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EXPORT PROMOTION ORGANISATION

In briefest terms Export is the process of earning profits by selling


products (or services) in foreign markets. It is finding customers a industry can
serve better at competitive price than the suppliers in their own countries.
Intentional marketing is the performance of business activities that direct the flow
of goods and services to consumers or users in more than one nation. It is
different than the domestic marketing as the elements social aspect involved
such as the behavior pattern of consumers, customs, attitudes, values etc, varies
from one nation to another.

In developing countries where there are often severe shortage of capital,


managerial resources and skilled labour, promotion of SSI sector is considered to
be an important approach to economic development. In fact in many of not most
developing countries, small or very small enterprises are the largest employers,
providing a productive : outlet for the entrepreneurial spirit of individuals and
assisting in dispersion of economic activity through out the country. The
economic impact of SSls can be measured by their contribution to out put,
employment, income, export, investment and other economic indicators.

There is general acceptance of the belief that the potential for increased exports
by SSls in developing countries ; is significant, but only a small proportion of SSls
is currently exporting and a vast majority of SSI produces exclusively for the
domestic market. Nevertheless, their contribution to exports is substantial, as
high as 50% of total export (36% approx, in India) in some developing countries.
It appears probable that as the [proportion of exporting SSls rises,
national export would rise dramatically.

Now withstanding the magnitude in terms of value and numbers, the contribution
of SSls in export is still inadequate, when seen as a proportion of total SSI
output. One reason for this could be the attractive size of the home market and,
at the micro level, a lack of sufficient initiative in an SSI to get in to exporting.

Though the SSI sector has it's own inborn strength to expand and export but it
has to ultimately compete in the market with the large or medium scale industrial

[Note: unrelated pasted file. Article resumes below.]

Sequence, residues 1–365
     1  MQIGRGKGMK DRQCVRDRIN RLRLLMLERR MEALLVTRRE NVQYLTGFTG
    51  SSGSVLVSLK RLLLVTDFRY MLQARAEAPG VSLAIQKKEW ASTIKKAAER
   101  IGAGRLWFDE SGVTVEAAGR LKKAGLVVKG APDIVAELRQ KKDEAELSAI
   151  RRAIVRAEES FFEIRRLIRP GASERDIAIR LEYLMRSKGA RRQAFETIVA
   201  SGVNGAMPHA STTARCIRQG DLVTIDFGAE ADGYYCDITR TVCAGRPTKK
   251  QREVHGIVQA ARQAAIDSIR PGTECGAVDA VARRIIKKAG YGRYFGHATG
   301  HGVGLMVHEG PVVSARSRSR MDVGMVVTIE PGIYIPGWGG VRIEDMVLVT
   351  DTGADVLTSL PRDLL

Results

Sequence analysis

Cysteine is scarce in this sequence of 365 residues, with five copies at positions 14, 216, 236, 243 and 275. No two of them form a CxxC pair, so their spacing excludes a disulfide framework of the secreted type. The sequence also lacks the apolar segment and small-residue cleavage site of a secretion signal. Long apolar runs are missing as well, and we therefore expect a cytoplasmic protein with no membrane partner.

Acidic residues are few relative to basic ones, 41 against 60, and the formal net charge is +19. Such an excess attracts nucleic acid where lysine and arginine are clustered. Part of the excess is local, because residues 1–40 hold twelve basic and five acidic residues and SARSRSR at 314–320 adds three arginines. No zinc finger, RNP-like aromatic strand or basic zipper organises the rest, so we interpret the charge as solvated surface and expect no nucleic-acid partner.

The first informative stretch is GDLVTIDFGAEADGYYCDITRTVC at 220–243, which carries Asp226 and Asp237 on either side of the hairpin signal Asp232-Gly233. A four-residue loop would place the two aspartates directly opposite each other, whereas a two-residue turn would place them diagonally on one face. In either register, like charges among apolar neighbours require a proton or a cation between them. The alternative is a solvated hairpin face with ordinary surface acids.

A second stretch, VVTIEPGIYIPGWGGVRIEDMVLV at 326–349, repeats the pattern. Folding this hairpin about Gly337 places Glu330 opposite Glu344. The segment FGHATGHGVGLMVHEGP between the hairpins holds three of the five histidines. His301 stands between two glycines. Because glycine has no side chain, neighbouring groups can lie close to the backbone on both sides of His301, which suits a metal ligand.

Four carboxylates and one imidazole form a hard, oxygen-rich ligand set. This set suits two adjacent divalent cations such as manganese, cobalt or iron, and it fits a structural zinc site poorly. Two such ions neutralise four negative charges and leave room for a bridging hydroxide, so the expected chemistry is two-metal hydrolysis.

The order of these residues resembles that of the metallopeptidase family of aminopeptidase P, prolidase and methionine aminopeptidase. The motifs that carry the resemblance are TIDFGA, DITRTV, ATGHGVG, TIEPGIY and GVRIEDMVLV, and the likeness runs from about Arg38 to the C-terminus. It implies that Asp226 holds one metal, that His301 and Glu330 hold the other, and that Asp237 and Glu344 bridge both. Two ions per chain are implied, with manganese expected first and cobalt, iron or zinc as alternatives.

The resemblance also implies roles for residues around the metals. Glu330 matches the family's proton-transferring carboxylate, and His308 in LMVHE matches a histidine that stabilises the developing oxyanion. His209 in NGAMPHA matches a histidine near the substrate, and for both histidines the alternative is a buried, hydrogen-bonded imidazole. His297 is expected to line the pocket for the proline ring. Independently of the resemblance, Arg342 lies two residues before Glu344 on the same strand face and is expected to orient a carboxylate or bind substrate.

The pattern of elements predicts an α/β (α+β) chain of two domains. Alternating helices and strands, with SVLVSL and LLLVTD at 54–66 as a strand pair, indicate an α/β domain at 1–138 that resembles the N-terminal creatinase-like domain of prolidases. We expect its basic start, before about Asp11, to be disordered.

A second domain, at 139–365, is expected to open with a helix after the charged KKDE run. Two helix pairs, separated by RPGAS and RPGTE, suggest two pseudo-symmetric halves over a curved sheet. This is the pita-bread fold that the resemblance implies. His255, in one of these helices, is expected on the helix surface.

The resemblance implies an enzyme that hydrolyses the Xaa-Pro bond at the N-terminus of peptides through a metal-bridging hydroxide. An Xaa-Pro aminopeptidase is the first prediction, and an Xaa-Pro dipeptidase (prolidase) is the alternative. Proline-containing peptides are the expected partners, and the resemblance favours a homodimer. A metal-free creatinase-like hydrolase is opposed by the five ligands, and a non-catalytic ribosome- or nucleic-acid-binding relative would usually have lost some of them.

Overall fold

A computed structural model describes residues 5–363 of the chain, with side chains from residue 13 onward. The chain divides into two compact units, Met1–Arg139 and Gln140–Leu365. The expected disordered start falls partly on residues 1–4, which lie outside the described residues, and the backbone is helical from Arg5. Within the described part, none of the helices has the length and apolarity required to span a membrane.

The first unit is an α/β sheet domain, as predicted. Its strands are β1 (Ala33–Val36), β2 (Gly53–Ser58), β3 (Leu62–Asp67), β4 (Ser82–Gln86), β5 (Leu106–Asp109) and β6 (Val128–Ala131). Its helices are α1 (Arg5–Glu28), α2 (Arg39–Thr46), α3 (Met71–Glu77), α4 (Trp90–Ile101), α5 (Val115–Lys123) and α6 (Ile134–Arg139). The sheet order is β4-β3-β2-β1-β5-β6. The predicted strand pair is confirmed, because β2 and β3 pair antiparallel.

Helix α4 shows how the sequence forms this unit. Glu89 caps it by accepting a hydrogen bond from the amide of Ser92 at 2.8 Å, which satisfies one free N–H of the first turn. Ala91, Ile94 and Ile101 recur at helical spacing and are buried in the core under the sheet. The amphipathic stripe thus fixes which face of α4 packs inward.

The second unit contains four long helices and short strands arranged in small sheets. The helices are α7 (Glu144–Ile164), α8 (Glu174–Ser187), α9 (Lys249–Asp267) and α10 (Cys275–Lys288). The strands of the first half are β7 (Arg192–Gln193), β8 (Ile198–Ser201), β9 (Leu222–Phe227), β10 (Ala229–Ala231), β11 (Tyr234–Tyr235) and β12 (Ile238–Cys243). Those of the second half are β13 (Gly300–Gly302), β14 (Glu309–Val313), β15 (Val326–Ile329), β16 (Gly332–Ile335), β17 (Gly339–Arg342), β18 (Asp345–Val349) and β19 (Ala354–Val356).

giants to survive and grow so, there are few major speed breakers on the path of
growth in front of SSI as compared with large industries, these can be viewed as
below : -

♦ Availability of finance : SSls may be unable to graduate to the 'large'


category because they do not have access to funds needed for expansion.
Financing institutions and banks are generally more cautious in advancing
resources to small units.

♦ Level of innovation : While large units are capable of establishing in-house


research and development facilities for experimenting with new products, new
production techniques and new marketing devices, SSls generally
handicapped in this regard and require outside support. Many SSls have to
operate in environments in which there are very limited foreign business
elements, such as business trips abroad, foreign visitors, or exposure to
foreign products. Consequently they are deprived of opportunities to compare
their products with others and thus Jack an important business stimulant.

♦ Managerial capabilities : Many small units are one-man or family


businesses and tend to centralize decision making in one or two persons. For
them, a decision to go into exports requires modifications in terms of
management, marketing organization, production and finance, The
entrepreneur or manager of the SSI has, therefore, to tackle these internal
issues even before the full range of external problems unfolds when export
markets are explored. On the other hand, llarger units are able to recruit
competent professionals and build up an Organisation, which has self –
propelling momentum, even when circumstances change continually in the
export markets.

♦ Attitude to human resource development : The propensity of small and


medium business to undergo training is notably low, even when training
events are highly responsive to their practical needs. Large businesses have
a better organised approach to human resource development in the interest
of professionalism.

♦ Level of awareness : As compared to large enterprises, most SSls in